good question! I've been struggling with it, myself.
The answer is because Satoshi calls PoW a consensus mechanism in the Bitcoin whitepaper:
Nodes can leave and rejoin the network at will, accepting the
proof-of-work chain as proof of what happened while they were gone.
They vote with their CPU power, expressing their acceptance of valid
blocks by working on extending them and rejecting invalid blocks by
refusing to work on them. Any needed rules and incentives can be
enforced with this consensus mechanism
However, the article: A Primer on Blockchain Design states that they are not consensus mechanisms!
PoW, PoS and DAGs are NOT consensus protocols
The much hyped concepts of Proof-Of-Work, Proof-of-Stake and Directed Acyclic Graphs are often mistakenly advertised as “consensus protocols”. Neither of them are, but rather address the key challenges of a robust blockchain design: Sybil resistance and asynchronicity.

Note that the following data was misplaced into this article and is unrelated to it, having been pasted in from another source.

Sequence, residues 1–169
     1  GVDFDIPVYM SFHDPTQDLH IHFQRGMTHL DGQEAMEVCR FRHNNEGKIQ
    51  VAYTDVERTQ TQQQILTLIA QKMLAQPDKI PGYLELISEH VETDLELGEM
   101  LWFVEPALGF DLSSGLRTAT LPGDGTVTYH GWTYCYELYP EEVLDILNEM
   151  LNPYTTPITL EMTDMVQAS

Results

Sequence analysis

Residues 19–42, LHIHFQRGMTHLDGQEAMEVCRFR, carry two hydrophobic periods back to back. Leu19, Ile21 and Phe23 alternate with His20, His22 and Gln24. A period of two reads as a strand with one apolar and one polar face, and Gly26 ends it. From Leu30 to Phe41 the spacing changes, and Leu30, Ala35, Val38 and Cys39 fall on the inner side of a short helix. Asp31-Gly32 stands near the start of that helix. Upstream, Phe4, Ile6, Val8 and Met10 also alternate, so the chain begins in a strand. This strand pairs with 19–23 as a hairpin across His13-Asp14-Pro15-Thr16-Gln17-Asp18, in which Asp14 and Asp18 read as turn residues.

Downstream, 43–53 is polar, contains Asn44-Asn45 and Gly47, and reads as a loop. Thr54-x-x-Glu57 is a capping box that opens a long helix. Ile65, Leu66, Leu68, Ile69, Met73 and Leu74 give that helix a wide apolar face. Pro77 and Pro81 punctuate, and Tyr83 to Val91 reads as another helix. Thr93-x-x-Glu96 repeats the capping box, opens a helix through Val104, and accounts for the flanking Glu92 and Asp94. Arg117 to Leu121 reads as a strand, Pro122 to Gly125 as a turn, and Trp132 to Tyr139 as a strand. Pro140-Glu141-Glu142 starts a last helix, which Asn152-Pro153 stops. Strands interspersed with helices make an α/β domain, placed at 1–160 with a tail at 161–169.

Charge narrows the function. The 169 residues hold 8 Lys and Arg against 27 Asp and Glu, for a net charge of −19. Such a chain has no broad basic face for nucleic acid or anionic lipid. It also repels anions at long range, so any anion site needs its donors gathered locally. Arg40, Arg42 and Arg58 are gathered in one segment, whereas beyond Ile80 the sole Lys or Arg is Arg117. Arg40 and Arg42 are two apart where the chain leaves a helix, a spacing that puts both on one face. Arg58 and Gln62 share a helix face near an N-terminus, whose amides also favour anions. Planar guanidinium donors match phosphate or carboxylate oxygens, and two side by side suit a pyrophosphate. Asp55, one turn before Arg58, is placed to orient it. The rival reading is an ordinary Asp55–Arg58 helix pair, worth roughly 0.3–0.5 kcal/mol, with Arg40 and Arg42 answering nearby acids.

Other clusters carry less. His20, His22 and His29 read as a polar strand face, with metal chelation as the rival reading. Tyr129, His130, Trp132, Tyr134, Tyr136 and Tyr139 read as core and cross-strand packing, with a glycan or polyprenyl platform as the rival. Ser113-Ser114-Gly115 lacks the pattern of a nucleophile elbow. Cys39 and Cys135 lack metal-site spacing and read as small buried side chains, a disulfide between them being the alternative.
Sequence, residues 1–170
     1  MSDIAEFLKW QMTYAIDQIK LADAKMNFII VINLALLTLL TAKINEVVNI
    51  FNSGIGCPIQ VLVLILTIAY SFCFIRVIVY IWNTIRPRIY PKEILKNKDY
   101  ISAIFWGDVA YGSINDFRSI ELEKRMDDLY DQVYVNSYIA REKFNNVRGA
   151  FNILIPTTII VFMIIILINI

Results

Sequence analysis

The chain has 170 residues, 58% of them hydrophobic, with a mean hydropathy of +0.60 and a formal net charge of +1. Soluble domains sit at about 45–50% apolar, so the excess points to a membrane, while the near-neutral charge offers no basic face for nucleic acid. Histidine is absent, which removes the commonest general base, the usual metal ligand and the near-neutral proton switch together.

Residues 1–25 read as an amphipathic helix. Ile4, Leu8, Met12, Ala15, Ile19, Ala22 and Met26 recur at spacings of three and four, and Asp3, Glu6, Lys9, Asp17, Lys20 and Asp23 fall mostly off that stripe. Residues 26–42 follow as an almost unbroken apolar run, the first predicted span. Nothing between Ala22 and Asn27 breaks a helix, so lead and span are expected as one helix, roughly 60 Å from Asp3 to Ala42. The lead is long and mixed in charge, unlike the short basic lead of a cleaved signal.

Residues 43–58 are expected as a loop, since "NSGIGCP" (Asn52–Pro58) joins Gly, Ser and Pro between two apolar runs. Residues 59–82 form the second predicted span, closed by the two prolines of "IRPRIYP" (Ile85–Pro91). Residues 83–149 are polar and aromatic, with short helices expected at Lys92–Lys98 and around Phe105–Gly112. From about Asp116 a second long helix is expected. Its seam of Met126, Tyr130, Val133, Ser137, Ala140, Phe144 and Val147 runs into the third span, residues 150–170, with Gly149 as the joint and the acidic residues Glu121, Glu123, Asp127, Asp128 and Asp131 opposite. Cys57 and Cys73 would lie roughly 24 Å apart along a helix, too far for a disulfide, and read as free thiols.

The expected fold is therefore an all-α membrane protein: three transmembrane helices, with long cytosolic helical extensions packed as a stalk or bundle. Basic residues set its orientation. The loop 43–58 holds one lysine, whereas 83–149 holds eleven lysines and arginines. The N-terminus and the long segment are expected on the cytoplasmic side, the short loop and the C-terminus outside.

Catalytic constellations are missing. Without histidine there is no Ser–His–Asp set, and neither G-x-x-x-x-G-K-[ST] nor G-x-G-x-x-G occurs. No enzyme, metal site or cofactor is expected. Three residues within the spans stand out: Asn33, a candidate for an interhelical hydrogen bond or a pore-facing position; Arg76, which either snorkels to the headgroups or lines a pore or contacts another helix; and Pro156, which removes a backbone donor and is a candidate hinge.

This twitter thread explores the idea that we should call them sybil resistance mechanisms:
On Quora: Are consensus algorithms only proof-of-work, proof-of-stake, proof-of-elapsed time etc.?
We can divide the universe into four types of consensus algorithms:
Known participants, non-byzantine failure: Paxos, Raft
Unknown participants, limited attack modes: Chord (original) and other distributed hash tables
Known participants, byzantine failure: PBFT, UpRight, Byzantine Paxos
Unknown participants, byzantine failure: Proof of Work, Proof of Stake, S-Chord
I don’t think that I’ve seen somebody else make the same classification; I threw it together based on examples I was aware of.
I think it is certainly more accurate to view PoW and PoS as components of a distributed consensus algorithms; they are not algorithms in and of themselves.